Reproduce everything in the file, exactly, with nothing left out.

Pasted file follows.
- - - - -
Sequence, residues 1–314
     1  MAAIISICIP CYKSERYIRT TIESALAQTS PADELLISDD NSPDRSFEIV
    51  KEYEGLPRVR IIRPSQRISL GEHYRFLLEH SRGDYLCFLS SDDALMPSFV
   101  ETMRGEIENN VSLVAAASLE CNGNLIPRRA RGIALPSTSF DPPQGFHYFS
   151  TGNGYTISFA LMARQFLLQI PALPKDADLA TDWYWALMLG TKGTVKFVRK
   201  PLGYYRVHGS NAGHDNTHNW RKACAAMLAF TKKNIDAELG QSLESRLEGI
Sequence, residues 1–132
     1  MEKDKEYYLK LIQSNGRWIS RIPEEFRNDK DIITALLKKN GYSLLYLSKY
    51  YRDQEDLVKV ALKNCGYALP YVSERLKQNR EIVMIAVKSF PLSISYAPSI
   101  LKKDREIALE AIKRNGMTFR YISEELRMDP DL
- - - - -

Sequence, residues 1–314
     1  MAAIISICIP CYKSERYIRT TIESALAQTS PADELLISDD NSPDRSFEIV
    51  KEYEGLPRVR IIRPSQRISL GEHYRFLLEH SRGDYLCFLS SDDALMPSFV
   101  ETMRGEIENN VSLVAAASLE CNGNLIPRRA RGIALPSTSF DPPQGFHYFS
   151  TGNGYTISFA LMARQFLLQI PALPKDADLA TDWYWALMLG TKGTVKFVRK
   201  PLGYYRVHGS NAGHDNTHNW RKACAAMLAF TKKNIDAELG QSLESRLEGI
Sequence, residues 1–132
     1  MEKDKEYYLK LIQSNGRWIS RIPEEFRNDK DIITALLKKN GYSLLYLSKY
    51  YRDQEDLVKV ALKNCGYALP YVSERLKQNR EIVMIAVKSF PLSISYAPSI
   101  LKKDREIALE AIKRNGMTFR YISEELRMDP DL